Steve's story

Start weight
18st 9lbs
261lb
118.4kg
Nutracheck weight loss
7st 1lb
99lbs
44.9kg
Current weight
11st 8lbs
162lbs
73.5kg

How much weight have you lost and how long did it take?

I have lost 7st 1lb99lbs44.9kg. It has taken around 17 months. For the last few months, I deliberately slowed my losses down to make my transition to maintenance more manageable and less of a cliff face. I lost just over 6 stone in the first 12 months and then lost the last stone in the last 5 months.

What prompted your decision to lose weight?

I have tried many times to lose weight over many years. In July 2020, after putting even more weight on in the first lockdown, I took my grandson on a seaside holiday. During that holiday, it became so apparent that my weight and lack of fitness was an issue that could no longer be ignored. Either I couldn't do what we really wanted to do, or I avoided doing certain things because I felt uncomfortable or embarrassed. I decided during that holiday that I was in 'Now or Never' territory and jumped on the scales the day we got back. Even though I had been overweight for many years, the actual number on the scales shocked me and I decided whilst stood on those scales, that the number I was seeing was the heaviest I would ever be.

How did you hear about Nutracheck?

After trying and failing on many diets, I had already made the decision to forget about the fads and quick wins that had never worked in the past and to concentrate on what was in fact the logical and rational way - to eat in a sensible calorie deficit and obtain steady losses in a healthy way. I started logging calories manually and using my Apple Health app to help with my calories out and it was on this app that I saw Nutracheck recommended as a way to track calories. It would turn out to be the most important find of my whole journey.

Has your weight stayed fairly consistent over the years, or have you always had to manage it?

At school and for a couple of years afterwards, I was fit and active and my weight was always at the lower end of the healthy scale naturally because of the amount of activity I was doing. Once I left school and started working, sometimes with irregular hours, my eating patterns and habits got worse, and my activity plummeted which combined meant that I put on a lot of weight in a few years and never recovered from that. In fact, as each year passed, I would be just that few pounds higher and this culminated in the weight of nearly 19 stones that greeted me on my return from that holiday.

Like many, I have tried many diets over the years and have lost weight on some of them. But none of them for me gave me an education in how to make better decisions when someone isn't telling me exactly what to eat and what not to eat. It's not just about the weight loss over a year or so - it's about weight management for the rest of my life and that is where the learning that came from calorie counting outstrips any overly-regimented diet plan which in my opinion just teaches you how to follow instructions, not make better decisions for yourself.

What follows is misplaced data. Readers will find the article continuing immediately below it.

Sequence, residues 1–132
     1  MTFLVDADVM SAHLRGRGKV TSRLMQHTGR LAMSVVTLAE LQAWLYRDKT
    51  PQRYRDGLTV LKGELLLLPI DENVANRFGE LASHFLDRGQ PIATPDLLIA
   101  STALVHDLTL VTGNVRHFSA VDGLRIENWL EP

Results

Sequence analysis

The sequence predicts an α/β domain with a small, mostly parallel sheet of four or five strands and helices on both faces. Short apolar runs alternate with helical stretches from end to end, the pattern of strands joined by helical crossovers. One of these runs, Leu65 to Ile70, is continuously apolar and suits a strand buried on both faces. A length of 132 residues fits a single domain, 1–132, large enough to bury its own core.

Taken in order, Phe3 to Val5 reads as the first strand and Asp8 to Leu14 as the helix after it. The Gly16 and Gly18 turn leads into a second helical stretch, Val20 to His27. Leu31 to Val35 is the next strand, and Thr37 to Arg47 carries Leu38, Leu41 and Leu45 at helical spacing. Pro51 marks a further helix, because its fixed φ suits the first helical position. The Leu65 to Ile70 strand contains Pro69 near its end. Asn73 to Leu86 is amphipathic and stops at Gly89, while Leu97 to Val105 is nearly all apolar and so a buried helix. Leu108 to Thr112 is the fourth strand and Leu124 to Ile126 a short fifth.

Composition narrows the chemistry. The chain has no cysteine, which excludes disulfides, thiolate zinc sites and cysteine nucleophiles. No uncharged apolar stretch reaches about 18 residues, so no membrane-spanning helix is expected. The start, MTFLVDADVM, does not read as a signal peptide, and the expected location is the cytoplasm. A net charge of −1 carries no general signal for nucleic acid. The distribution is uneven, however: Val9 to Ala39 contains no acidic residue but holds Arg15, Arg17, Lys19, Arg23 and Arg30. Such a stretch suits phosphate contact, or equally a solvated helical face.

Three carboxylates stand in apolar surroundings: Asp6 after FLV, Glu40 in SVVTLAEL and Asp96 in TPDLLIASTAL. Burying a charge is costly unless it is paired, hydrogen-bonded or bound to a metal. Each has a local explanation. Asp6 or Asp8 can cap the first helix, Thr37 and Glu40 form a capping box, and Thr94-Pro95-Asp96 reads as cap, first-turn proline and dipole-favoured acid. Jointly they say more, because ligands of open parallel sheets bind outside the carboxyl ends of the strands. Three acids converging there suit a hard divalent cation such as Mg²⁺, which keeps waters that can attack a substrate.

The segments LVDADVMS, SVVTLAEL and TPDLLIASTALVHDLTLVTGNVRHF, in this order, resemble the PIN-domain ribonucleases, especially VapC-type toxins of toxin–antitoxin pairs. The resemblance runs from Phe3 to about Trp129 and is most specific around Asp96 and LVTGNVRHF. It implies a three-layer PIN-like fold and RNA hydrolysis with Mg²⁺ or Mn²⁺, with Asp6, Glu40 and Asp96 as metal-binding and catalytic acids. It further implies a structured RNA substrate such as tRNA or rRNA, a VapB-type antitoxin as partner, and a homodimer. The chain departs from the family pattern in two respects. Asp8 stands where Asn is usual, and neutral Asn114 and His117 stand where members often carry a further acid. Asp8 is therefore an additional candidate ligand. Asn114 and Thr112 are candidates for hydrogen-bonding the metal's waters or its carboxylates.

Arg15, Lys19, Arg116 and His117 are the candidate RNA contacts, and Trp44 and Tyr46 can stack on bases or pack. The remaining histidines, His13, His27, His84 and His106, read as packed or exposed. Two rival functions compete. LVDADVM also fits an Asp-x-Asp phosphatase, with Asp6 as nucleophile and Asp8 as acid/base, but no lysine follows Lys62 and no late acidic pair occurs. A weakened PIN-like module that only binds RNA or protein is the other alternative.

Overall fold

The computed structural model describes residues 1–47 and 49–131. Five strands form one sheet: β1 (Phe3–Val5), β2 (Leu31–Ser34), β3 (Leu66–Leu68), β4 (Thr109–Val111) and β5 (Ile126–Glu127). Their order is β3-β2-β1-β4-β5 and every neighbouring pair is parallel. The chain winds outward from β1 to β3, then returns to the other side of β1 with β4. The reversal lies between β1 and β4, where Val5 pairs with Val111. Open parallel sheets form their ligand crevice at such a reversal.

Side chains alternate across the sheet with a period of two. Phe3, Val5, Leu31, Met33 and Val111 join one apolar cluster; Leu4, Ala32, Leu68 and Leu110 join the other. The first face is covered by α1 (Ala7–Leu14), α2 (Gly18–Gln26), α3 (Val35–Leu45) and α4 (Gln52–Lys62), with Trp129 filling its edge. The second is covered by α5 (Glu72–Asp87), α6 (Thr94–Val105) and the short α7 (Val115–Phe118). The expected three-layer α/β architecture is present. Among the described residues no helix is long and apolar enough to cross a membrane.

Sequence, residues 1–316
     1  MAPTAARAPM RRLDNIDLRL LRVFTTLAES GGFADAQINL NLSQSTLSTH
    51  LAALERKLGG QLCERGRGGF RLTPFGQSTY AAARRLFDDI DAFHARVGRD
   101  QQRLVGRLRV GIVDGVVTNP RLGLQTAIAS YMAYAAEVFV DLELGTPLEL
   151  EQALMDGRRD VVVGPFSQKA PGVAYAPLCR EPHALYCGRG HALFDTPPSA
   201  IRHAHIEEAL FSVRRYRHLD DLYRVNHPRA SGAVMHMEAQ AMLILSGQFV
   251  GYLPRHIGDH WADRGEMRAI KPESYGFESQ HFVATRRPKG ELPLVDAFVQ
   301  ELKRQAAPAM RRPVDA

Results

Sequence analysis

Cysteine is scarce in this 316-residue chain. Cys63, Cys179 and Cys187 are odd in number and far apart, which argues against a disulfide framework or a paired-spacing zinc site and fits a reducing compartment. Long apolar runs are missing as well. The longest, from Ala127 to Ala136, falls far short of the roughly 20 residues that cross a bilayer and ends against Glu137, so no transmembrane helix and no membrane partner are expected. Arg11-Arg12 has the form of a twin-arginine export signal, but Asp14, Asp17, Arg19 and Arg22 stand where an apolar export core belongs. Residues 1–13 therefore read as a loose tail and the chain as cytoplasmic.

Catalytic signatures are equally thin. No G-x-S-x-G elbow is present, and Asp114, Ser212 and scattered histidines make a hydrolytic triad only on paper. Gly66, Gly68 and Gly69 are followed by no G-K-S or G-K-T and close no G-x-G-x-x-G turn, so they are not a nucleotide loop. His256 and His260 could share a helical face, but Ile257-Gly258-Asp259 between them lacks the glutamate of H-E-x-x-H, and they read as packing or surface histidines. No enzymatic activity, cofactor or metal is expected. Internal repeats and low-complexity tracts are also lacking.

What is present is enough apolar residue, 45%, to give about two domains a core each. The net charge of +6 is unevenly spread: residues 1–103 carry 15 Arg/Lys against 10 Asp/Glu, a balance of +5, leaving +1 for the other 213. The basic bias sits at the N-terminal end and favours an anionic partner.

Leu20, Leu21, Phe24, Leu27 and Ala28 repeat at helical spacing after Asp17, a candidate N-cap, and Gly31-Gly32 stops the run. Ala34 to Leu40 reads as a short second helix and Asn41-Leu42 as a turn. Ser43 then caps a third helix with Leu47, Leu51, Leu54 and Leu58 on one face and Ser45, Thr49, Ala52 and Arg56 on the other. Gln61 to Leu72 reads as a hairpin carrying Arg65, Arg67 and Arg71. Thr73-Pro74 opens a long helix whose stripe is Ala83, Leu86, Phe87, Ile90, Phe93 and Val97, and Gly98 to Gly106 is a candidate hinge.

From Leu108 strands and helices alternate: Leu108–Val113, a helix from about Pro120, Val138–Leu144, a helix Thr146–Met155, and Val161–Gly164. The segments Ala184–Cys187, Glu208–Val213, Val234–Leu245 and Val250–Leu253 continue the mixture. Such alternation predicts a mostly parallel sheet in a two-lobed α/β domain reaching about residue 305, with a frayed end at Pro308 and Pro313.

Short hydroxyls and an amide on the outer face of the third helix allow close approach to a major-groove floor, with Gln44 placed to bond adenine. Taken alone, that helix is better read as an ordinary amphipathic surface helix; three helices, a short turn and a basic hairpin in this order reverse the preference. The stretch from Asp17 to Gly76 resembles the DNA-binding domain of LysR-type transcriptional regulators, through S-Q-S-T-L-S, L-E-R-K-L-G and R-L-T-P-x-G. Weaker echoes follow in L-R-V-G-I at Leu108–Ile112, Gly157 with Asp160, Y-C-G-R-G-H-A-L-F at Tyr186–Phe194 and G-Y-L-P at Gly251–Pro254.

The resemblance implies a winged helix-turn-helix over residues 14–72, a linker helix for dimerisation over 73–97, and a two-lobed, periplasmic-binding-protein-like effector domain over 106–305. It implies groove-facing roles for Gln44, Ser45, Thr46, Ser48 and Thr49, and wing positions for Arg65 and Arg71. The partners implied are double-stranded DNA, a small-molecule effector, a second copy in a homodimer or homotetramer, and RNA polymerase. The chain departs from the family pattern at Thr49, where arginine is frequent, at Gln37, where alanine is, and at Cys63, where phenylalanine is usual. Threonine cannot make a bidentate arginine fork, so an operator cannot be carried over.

How easy was it to fit the changes you made into your lifestyle?

Like any change, it did take some getting used to and I had moments in the first few weeks where I doubted myself.

The great thing about calorie counting though, is that there are so many ways to adapt the days and weeks so that I didn't have to give anything up that I didn't want to. By not demonising any food groups or items, it gave me the flexibility to always have an answer or plan for social occasions. Using the Easier Days option to start was a great way to use the losing phase to mirror in some way how my life was likely to be going forward. I was always likely to want to use more calories at the weekend so what better way to learn how to manage that than doing that during my losing period?

It very soon just became a way of life, it has never felt restricted, and it has felt a million miles from previous diets. As I discovered new foods and new recipes, it became more and more apparent that you can have an awful lot of wholesome and tasty foods for your calories if you take a bit of time to plan and explore.

The big difference if you plan it correctly is that you can make the calories meet you halfway in any changes that are needed.

One thing that really helped me was being active on the Nutracheck app forums. There were so many supportive members who had experienced all of the stages I was going though and offered their advice in such a kind and completely non-judgemental way. This definitely helped me through some of the challenging moments and those times when I doubted myself.